EXCITONS
We model the amide band as a system of N interacting localized vibrations.
For the sake of third-order spectroscopies, we only need to consider the
lowest three levels of each peptide group with energies 0, m , 0m m D
1, . . . , N . The matrix elements of the dipole operator corresponding to
the 0-1 and 1-2 transitions are denoted m and 0m , respectively, and their
ratio is Äm Á 0m / m . To introduce the vibrational Frenkel exciton model,
we deﬁne the exciton-oscillator operators (17,39,50):
Bˆ †n D j1inn h0j C Än j2inn h1j
with the commutation relations
2 ˆ† ˆ
ˆ †n ] D υmn [1
ˆ m, B
2 Äm
Bm Bm ]
[B
(14)
(15)
The polarization operator that describes the coupling to the driving ﬁeld
E t is then given by
Pˆ D
n
ˆ †n
Bˆ n C B
(16)
n
The Hamiltonian can be represented in the form (17,39,50)
gn † 2
ˆ †m Bˆ n C
hmn B
HD
Bˆ n Bˆ n 2 C Hb E t Pˆ
2
mn
n
(17)
where hmn D υmn m C Jmn , with Jmn being the hopping matrix, and gm Á
2
2Äm2 [m C 2 Äm
m ] is an exciton-exciton interaction energy, where
0
m Á m 2 m is the vibrational anharmonicity. This Hamiltonian
describes excitons as oscillator (quasiparticle) degrees of freedom.Ł Hb
represents a bath Hamiltonian. We shall not specify it and merely require
that it conserves the number of excitons. The bath induces relaxation
kernels. The structure of the ﬁnal expression is independent of the speciﬁc
properties of the bath; the latter only affects the microscopic expression for
the relaxation kernels (51).
The response function has been calculated in Ref. 39. It depends on
the following three Green functions:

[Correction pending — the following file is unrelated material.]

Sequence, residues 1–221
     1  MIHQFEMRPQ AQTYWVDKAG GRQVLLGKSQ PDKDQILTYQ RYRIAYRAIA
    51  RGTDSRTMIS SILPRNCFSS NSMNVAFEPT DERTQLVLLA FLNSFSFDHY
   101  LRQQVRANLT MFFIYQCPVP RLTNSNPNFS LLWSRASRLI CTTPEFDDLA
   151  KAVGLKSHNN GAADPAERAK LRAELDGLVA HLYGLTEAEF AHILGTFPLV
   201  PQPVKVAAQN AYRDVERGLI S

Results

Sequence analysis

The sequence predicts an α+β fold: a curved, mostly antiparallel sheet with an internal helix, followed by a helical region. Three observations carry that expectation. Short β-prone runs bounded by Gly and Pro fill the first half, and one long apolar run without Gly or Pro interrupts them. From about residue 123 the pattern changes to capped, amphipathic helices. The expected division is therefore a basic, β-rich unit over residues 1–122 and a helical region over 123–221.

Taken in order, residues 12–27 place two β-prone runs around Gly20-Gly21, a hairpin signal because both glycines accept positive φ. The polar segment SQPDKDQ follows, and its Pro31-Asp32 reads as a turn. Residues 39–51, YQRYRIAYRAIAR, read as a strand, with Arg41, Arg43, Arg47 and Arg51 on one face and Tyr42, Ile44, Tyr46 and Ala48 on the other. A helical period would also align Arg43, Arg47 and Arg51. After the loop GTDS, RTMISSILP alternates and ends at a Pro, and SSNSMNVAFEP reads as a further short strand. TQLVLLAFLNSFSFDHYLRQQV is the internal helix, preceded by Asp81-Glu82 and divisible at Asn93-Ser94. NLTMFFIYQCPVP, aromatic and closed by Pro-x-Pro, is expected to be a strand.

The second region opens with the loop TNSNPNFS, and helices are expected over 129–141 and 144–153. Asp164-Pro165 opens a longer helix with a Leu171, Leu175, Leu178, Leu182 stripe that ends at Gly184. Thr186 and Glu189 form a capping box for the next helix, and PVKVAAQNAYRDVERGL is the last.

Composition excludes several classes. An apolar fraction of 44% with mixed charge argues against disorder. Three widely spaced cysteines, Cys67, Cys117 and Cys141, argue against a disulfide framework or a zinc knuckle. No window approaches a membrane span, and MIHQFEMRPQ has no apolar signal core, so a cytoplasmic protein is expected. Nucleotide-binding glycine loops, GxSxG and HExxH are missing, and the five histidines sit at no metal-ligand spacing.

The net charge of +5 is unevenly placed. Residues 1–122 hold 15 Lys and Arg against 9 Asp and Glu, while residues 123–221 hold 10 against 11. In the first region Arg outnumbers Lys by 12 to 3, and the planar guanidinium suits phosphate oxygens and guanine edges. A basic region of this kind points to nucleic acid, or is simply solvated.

Gmn
Ł
ÁÂ
TrfBˆ m
Bˆ †n 0 g
18
Both the commutation relations [Equation (15)] and the Hamiltonian
[Equation (17)] contain higher order products of Bˆ †n and Bˆ n . These higher terms
do not contribute to the third-order optical response and were neglected.
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IR Spectroscopy in Polypeptides
2
Gmn,kl
ÁÂ
p
Gmk,ln
ÁÂ
TrfBˆ m
Bˆ n
TrfBˆ m
Bˆ †k
357
Bˆ †k 0 Bˆ †l 0 g
19
g
20
Bˆ †n
0 Bˆ l 0
ˆ [Bˆ † ] are the annihilawhere is the equilibrium density matrix, B
tion [creation] operators in the Heisenberg representation, and Â
is the
Heavyside step function (Â D 0 for < 0 and Â D 1 for > 0).
Gmn
is the one-exciton Green function. G 2 represents the time
evolution of the two exciton states and satisﬁes the Bethe-Salpeter equation:
00
2
D Gmk
Gmn,kl
C Gml
Gnl
C
Gnk
d
pqp0 q0
00
Gmp
00
Gnq
pq,p0 q0
00
0
00
d
Gp0 k
0
0
0
0
Gg0 l
0
where is the exciton-exciton scattering matrix. The response function will
be expressed in terms of rather than G 2 . The third Green function G p
represents the evolution of the exciton density matrix hBC
n Bm i (populations
and coherences). We have recast it in the form:
p
G†nl
Gmk,ln D Gmk
C Gmn,kl
The ﬁrst term represents the factorized evolution in terms of exciton amplitude hBC Bi D hBC ihBi. G is the irreducible (unfactorized) part of the Green
function. The response function will be expressed in terms of G rather
than G p .
In summary, the response function depends on the exciton Green
function G, the exciton-exciton scattering matrix , and the irreducible
part G of the density matrix Green function. It has two components:
R t,
3, 2, 1
D Rc t,
3, 2, 1
C Ri t,
3, 2, 1
(21)
The coherent part is
Rc t;
3, 2, 1
D
1
i3
n
m1
m2
m3
2
G†m3 m00
perm
ð
1
1
d 0 Gn0 m1
ð n00 m00 ,n0 m0
00
0
1
0
Gm 0 m 2
C c.c.
Copyright © 2001 by Taylor & Francis Group, LLC
0
1
00
d
00
3
Gnn00 t
00
22